Liberia urgently needs top cadre of civil servants to rebuild – UN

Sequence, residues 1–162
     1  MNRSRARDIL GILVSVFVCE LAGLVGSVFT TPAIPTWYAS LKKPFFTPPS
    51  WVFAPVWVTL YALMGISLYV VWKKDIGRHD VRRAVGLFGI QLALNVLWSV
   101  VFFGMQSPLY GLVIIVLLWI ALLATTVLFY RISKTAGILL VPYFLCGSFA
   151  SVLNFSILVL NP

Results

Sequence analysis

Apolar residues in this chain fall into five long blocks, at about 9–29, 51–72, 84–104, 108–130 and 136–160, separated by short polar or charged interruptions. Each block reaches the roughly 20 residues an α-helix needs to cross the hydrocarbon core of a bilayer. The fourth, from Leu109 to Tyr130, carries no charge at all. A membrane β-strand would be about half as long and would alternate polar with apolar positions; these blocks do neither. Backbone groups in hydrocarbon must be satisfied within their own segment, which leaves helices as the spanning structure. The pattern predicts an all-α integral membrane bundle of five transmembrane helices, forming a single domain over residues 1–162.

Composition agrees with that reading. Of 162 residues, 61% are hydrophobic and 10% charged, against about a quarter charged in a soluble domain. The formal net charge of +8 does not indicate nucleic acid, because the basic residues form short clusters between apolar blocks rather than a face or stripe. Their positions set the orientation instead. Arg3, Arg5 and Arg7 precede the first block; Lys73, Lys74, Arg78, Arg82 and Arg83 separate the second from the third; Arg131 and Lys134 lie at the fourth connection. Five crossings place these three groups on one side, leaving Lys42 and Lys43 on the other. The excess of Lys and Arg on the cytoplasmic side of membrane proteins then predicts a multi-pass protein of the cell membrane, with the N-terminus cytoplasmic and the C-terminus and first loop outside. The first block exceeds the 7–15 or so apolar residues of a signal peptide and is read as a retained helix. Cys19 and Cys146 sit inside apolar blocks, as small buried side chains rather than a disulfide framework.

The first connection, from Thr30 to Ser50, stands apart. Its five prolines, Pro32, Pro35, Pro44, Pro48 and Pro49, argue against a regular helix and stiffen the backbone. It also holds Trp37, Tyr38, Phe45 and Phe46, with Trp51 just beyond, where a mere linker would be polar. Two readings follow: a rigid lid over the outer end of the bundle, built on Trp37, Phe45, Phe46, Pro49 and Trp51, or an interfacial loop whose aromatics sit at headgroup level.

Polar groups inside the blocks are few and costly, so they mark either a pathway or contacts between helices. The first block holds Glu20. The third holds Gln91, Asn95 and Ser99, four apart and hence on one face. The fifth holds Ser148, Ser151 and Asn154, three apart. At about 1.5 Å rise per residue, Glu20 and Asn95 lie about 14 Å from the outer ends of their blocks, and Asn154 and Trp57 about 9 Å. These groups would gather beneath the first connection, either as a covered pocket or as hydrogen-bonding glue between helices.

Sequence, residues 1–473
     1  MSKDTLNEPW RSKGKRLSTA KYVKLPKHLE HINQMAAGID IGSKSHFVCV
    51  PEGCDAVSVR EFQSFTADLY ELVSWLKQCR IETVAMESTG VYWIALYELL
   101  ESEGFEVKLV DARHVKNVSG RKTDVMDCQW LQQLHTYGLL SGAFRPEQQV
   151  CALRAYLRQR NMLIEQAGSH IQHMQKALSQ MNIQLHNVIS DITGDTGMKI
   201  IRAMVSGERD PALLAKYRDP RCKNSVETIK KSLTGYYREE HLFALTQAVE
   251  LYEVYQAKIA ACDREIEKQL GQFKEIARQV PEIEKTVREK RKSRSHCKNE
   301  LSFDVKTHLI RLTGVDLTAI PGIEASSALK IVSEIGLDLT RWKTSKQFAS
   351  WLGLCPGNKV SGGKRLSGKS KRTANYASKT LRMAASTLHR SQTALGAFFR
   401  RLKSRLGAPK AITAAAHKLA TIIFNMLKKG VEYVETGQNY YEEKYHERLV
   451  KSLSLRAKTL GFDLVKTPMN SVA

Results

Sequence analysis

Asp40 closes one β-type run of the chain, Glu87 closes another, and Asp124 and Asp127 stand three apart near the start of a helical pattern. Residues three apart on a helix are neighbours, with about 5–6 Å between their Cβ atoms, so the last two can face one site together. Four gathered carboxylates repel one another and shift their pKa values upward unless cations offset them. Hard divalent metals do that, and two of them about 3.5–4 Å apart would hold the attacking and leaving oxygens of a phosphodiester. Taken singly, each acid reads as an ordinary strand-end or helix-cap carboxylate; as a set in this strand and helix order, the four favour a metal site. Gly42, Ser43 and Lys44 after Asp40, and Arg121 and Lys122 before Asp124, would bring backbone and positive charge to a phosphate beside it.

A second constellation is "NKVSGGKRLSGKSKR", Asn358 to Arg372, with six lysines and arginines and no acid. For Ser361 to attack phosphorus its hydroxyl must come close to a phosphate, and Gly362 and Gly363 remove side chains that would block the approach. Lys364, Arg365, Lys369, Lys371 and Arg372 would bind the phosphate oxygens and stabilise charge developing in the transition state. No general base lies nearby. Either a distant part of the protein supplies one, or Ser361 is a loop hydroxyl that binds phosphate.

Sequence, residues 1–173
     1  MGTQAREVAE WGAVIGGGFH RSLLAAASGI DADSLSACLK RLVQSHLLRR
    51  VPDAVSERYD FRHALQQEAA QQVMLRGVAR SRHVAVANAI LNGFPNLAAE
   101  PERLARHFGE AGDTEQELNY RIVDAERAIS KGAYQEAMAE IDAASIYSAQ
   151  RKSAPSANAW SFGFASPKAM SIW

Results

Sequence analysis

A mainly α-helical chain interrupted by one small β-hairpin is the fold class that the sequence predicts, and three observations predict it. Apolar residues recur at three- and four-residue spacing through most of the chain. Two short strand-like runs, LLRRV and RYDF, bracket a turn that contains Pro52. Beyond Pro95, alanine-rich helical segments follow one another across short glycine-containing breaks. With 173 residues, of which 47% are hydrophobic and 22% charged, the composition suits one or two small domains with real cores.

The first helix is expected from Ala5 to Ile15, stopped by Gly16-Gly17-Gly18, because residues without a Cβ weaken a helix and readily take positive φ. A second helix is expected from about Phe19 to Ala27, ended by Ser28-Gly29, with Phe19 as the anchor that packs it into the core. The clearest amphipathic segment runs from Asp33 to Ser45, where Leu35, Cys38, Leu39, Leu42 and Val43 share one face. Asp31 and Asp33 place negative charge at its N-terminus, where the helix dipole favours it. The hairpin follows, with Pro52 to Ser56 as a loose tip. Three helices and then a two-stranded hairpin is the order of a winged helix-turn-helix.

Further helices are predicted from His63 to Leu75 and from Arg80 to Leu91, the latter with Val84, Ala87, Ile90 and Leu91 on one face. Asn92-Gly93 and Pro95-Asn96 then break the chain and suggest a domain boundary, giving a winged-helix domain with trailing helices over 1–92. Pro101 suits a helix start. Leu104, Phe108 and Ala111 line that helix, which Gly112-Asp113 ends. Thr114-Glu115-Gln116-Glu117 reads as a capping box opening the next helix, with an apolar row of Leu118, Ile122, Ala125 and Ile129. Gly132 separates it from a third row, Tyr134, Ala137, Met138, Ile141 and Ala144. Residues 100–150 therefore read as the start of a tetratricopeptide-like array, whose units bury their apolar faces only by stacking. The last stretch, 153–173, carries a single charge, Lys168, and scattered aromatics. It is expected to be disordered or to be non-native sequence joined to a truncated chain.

After more than a dozen years of bloody conflict, the Liberian Government’s ability to rebuild the nation is seriously hampered by a lack of properly trained and motivated public servants, according to a report commissioned by the United Nations Development Programme (UNDP). Released today in Monrovia, the report says the West African nation’s daily operations are paralysed by unreliable electricity and water, a shortage of basic work supplies and a massive brain drain that has led to employment shortages at all levels. Facing with rising prices and unpaid wages, the Liberian workers still toiling at their jobs suffer from deteriorating morale. The National Human Development Report 2006, Mobilizing Capacity for Reconstruction and Development, is the first report of its type released by Liberia since the election of President Ellen Johnson Sirleaf last year. Written by independent consultants, it gauges the toll of violent conflict on human development and offers practical solutions on ways the new Government can meet the country’s immediate and long-term development needs. The flight of qualified staff has left Liberia’s civil service virtually an empty shell that is poorly equipped to deliver essential services and unable to negotiate crucial reforms, the report says. The Government agrees that the country urgently needs a new cadre of top public servants who are properly trained, well motivated and adequately compensated. But the report states that this goal cannot be reached within the existing civil service structure. In response, innovative measures, such as transitional salary supplements, are being offered to key officials in crucial slots that affect the delivery of services and wider government reform efforts. Part of the Liberia Emergency Capacity Building Project, the initiative is meant to “help the government create powerful teams of people whose employment in high-profile positions will reinvigorate the public sector, bringing new ideas, experiences and professionalism to support the reform process,” the report notes. The document also details some bright spots, such as a Government measure called TOKTEN, or Transfer of Knowledge through Expatriate Nationals.” This program brings qualified Liberian professionals living overseas back home for short visits to share their skills. Other successful measures to boost the public sector include revising the civil service code, cleaning up the procurement process, introducing internal controls and overhauling financial management procedures, and corruption-fighting steps.

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